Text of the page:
Place the almonds and the water in a food processor and process for a couple of minutes. Drain the almond milk into a bowl through a sieve lined with a muslin and squeeze out all the liquid. You can use the left-over almond meal in baking or have it with your breakfast porridge. Pour the almond milk into the saucepan along with half a cup of water. Stir, bring to boil and leave to simmer for one hour or until almost all liquid has disappeared. Make sure to stir every now and then and keep an eye on it as it will boil over easily!

Place the pears in an oven proof dish, add maple syrup, treacle and cinnamon and stir well to combine. Place in the oven and bake for half an hour scooping the liquid on the pears and stirring every now and then.Once softened, remove from the oven and leave to cool slightly.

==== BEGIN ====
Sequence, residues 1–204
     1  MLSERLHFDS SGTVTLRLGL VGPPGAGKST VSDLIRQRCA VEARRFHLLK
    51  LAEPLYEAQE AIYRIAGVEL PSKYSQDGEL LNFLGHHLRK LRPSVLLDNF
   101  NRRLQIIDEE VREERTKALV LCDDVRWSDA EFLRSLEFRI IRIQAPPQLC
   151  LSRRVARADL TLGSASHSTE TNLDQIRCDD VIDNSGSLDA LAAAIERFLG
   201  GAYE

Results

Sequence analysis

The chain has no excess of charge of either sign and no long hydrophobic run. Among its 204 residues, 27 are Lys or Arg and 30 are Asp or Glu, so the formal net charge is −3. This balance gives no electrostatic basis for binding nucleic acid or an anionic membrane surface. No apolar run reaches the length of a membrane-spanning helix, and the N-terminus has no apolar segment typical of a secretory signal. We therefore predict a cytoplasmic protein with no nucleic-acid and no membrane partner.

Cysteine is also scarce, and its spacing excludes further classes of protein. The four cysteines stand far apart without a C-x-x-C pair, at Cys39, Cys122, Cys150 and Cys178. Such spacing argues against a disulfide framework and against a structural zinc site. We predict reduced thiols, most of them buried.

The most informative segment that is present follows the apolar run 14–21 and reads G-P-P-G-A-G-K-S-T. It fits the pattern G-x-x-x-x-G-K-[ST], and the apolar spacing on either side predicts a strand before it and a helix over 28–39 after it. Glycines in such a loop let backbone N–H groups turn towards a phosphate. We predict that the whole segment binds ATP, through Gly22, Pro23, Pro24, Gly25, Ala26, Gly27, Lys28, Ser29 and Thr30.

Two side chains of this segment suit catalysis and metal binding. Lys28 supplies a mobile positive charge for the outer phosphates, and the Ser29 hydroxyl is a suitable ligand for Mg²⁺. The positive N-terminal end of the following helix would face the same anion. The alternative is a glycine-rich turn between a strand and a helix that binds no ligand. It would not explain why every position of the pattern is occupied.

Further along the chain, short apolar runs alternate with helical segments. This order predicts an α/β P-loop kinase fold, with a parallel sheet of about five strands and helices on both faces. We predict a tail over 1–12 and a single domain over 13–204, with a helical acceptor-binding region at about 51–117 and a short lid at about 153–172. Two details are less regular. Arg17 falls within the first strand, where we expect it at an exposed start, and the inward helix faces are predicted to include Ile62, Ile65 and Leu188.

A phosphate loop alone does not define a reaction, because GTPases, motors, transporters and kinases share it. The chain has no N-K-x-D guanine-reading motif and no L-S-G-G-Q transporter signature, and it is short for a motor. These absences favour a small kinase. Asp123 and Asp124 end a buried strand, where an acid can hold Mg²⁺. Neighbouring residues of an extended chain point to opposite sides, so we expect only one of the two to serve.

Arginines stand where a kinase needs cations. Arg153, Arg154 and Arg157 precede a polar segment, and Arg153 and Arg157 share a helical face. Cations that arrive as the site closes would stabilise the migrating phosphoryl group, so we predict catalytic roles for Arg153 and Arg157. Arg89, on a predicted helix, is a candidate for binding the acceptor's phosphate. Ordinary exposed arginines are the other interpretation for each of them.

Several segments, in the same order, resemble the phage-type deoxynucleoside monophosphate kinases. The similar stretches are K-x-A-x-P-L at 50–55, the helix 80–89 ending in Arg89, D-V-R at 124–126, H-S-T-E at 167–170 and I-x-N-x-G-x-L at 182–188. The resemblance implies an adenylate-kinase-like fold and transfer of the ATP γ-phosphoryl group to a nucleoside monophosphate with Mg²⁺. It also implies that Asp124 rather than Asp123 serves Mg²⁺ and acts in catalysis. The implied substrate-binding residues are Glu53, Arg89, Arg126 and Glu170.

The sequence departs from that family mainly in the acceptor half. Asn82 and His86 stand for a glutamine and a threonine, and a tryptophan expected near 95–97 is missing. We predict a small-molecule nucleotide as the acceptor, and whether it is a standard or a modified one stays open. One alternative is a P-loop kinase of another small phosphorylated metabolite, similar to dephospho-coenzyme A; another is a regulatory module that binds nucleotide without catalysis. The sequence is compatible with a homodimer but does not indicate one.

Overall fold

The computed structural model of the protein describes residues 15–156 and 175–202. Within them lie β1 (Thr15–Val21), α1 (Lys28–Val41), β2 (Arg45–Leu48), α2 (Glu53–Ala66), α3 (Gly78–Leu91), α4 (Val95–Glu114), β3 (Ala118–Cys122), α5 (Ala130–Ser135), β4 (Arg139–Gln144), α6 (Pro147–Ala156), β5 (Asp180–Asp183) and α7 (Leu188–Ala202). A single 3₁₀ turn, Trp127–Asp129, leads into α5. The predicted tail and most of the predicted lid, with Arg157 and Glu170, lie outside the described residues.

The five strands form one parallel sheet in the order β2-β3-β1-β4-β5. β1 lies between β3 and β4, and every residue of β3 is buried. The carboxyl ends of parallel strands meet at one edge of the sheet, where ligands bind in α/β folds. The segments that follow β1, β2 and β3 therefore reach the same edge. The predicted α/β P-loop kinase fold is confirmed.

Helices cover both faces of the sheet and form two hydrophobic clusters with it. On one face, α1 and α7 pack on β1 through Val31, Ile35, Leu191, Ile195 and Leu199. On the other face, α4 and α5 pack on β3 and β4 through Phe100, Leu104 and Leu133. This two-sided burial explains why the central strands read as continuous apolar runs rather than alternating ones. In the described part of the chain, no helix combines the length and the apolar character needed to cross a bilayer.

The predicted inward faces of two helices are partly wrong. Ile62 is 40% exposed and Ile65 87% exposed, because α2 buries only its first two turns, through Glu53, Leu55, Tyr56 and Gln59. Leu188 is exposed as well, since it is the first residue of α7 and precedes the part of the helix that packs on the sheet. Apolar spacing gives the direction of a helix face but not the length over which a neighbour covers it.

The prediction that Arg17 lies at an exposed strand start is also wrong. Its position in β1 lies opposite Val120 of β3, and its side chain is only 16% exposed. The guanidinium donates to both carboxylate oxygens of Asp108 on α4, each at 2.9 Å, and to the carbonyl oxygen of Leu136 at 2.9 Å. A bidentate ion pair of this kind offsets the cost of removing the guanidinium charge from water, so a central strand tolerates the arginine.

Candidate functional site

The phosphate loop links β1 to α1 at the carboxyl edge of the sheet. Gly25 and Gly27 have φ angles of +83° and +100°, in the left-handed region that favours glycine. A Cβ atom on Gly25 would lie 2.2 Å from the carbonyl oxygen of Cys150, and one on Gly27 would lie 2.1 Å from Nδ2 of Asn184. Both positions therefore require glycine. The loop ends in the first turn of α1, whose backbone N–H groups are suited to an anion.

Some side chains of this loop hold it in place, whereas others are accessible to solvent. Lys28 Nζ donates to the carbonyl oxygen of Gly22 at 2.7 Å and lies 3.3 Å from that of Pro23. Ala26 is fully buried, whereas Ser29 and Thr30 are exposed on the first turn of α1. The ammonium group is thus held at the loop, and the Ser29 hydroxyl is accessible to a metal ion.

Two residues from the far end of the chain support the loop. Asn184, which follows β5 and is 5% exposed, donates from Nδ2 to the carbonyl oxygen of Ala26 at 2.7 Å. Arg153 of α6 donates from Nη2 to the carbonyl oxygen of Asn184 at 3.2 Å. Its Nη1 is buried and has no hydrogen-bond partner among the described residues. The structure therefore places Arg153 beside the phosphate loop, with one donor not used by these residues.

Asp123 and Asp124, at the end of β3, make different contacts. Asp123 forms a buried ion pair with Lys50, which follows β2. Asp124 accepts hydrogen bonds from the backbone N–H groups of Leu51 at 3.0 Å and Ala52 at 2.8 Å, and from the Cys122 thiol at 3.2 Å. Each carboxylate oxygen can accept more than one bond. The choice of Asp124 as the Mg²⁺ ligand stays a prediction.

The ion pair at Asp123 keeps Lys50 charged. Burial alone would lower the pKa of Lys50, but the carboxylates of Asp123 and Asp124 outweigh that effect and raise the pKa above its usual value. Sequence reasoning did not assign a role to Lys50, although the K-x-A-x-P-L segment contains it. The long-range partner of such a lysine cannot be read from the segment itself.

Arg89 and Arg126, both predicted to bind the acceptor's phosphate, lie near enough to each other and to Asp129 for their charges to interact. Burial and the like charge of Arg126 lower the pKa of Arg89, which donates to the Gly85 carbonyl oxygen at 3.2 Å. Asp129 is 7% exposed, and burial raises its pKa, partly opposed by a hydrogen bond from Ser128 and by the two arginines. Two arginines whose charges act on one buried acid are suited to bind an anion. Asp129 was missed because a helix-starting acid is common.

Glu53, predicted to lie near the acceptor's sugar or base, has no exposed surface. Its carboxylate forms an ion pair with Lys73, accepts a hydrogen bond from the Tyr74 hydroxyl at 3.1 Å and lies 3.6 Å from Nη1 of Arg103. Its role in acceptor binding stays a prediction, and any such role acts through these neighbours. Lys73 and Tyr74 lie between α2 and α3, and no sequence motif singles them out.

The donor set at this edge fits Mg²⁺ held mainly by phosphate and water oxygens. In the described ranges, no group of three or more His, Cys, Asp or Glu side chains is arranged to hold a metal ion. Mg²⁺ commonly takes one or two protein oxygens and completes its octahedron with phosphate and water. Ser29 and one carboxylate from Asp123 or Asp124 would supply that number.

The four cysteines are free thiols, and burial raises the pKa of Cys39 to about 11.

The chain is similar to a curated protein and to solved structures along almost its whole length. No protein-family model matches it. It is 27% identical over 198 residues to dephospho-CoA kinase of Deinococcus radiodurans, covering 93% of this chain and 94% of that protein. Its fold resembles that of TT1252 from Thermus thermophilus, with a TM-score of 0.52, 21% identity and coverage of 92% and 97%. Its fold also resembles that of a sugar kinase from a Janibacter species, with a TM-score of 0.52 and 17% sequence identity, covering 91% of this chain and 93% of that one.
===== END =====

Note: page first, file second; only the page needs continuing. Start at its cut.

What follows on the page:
Once the porridge is done, take off the heat, add a pinch of salt and stir. Leave covered for 10 minutes. Serve the oats with the baked Corella pears and drizzle with the extra maple syrup.

Have a lovely new week!

February 27, 2011

Last weekend of summer - A day on the boat and thyme, pine nuts and feta muffins


It is the last weekend of summer here in Sydney! Saturday was beautiful so we decided to pack our picnic basket and bags and spend the day on the boat at Sydney's beautiful Pittwater. It was a stunning day and every time we go boating it feels like such a luxury. I love getting away from the city, away from all the traffic noise and masses of people. There is no better way to enjoy this beautiful city than on water and it really is the best way to relax and just get away from it all.